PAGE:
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Dyeing Film... (Ultrafilm, OSFilm, etc...)

Nick did an article for INAV (Indoor News and Views) a few issues ago on the method... He uses RIT dye, and blue is one of the colors that apparently works best... Fred Rash (I think...) was either the "inventor" of the method, or at least one of the first to do it...

If you subscribe to INAV, you can get the issue online... and I might post it on indoornews.com if I remember to... I forget the exact issue, but I -think- that it was #119 or #120, if memory serves... A few issues back, we did an F1L issue, which is the 1.2g EZB... lots of good information in that one...

You can go to www.indoornewsandviews.com and subscribe to the newsletter right there...

JH
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Old Feb 22, 2008, 07:23 AM
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Thanks JH. Am sending em a subscription soon as possible. That's great blue and green are the colors that look best to me.

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Old Feb 22, 2008, 12:03 PM
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Am now working on EZB #3 in Ron Williams book. Skipped #2 cause I just like the looks of 3 and not 2. Want to see how badly I can mess up those rounded wing and stab tips. Wasn't really that difficult making the rounded tips. Cut 2 pieces 1/32 x1/16, long enough to make LE and TE of half the wing. Set center section of each piece in hot water for 5 min or so, and bent around some cardboard semi-circles I had made. Used a lot of scrap balsa to hold curve in place. Got a few kinks, hopefully they won't weaken the structure too much. Anyway the effort looks good to me. Gonna try hard to keep weight down on this one. Shooting for 3-4 grams.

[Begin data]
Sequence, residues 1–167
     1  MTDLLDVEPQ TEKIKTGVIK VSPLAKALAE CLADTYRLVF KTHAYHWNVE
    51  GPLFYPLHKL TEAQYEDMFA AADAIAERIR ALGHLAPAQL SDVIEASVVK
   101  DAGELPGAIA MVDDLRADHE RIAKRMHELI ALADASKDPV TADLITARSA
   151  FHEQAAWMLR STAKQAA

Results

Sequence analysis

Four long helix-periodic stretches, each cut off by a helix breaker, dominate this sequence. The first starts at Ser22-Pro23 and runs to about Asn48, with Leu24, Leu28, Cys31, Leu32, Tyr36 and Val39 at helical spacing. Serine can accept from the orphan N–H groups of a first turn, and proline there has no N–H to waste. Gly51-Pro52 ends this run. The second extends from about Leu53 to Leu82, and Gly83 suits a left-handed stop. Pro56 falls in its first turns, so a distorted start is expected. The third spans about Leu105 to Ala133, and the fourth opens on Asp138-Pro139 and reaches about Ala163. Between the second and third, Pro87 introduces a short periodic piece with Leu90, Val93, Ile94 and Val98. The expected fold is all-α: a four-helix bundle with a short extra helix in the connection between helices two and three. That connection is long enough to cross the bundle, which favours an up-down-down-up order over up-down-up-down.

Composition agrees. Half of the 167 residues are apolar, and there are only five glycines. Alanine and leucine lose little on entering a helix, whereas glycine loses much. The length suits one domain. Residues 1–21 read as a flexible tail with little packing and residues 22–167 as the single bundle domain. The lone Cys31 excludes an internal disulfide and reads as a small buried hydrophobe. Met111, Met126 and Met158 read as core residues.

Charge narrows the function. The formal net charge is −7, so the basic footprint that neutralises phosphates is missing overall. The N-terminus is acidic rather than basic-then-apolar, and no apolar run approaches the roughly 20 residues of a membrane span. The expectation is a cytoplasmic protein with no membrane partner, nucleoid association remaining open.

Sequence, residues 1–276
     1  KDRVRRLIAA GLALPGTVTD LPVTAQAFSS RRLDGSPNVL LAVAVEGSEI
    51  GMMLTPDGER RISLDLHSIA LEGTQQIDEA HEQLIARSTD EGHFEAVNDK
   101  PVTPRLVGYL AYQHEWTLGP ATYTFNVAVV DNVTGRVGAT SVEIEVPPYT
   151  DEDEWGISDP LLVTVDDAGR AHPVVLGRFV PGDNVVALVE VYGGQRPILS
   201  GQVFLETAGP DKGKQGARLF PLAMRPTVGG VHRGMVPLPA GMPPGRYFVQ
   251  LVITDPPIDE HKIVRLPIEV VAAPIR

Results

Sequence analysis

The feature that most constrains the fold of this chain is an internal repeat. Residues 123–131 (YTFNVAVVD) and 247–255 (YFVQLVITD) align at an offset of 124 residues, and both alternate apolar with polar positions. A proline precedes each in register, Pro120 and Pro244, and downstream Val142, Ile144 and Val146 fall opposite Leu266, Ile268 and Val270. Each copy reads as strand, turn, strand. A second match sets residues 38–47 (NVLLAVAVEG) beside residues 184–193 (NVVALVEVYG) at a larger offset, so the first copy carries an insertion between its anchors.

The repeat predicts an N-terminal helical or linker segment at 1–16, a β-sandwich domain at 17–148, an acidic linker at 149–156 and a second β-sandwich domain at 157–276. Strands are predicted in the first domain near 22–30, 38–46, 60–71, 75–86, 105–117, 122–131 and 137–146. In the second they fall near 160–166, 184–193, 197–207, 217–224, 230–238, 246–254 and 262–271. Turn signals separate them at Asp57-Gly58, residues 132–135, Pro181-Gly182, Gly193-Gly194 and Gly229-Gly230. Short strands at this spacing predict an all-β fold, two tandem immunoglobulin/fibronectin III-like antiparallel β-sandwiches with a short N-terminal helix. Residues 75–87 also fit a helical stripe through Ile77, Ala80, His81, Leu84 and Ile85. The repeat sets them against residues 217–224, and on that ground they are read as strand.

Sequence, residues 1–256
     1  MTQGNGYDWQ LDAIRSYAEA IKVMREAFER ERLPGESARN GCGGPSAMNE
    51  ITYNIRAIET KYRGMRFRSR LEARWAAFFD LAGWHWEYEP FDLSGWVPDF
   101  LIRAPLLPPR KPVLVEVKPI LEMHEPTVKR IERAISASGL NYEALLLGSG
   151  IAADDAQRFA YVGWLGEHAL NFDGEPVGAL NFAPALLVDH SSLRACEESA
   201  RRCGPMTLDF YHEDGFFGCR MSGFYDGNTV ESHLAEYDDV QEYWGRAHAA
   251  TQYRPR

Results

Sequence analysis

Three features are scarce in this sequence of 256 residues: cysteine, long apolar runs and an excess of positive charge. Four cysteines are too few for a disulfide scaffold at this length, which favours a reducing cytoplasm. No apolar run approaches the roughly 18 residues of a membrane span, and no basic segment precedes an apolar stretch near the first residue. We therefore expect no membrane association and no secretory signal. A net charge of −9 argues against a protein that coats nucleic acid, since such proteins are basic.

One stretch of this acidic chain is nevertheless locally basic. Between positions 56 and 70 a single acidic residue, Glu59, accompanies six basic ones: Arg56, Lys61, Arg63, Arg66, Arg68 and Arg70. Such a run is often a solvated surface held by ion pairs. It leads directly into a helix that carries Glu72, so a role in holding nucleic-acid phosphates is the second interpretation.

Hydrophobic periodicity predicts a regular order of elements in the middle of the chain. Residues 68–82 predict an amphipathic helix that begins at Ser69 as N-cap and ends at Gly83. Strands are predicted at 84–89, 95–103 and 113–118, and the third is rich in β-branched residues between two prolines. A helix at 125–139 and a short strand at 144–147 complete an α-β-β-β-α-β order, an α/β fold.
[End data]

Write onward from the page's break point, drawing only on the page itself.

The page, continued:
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Old Feb 22, 2008, 12:28 PM
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The 'Wack, BC, Canada
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That jig looks great Erich. You're well on your way now.

Esaki tissue is just as heavy as the stuff you're using on your first EZB. Best to stick to the films or at the very least light condenser paper.
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Old Feb 23, 2008, 04:18 AM
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BMatthews
Have a couple of kits from A2Z which have what I believe to be condenser paper. The stuff seems quite a bit lighter than what I been using. But not as light as the mylar, as you've stated. Will put together one of these kits and see how the condenser paper works. Thanks for the heads up on the esaki had tentatively decide to order a bunch from A2Z, but will hold off till I try the condenser stuff. Will most likely end up going with the mylar eventually. I like to reinvent (or at least rediscover) the wheel, just for my own amusement.

Framed fin, plans call for a framwork with no ribs. It seemed way to flimsy that way, so added a cross piece. After adding covering, weighted (lightly) fin down so wouldn't get any warps, since I'm using a water based glue. Am covering fin first, to get some experience covering a lighter stucture, before tackling the wing.

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Old Feb 23, 2008, 01:17 PM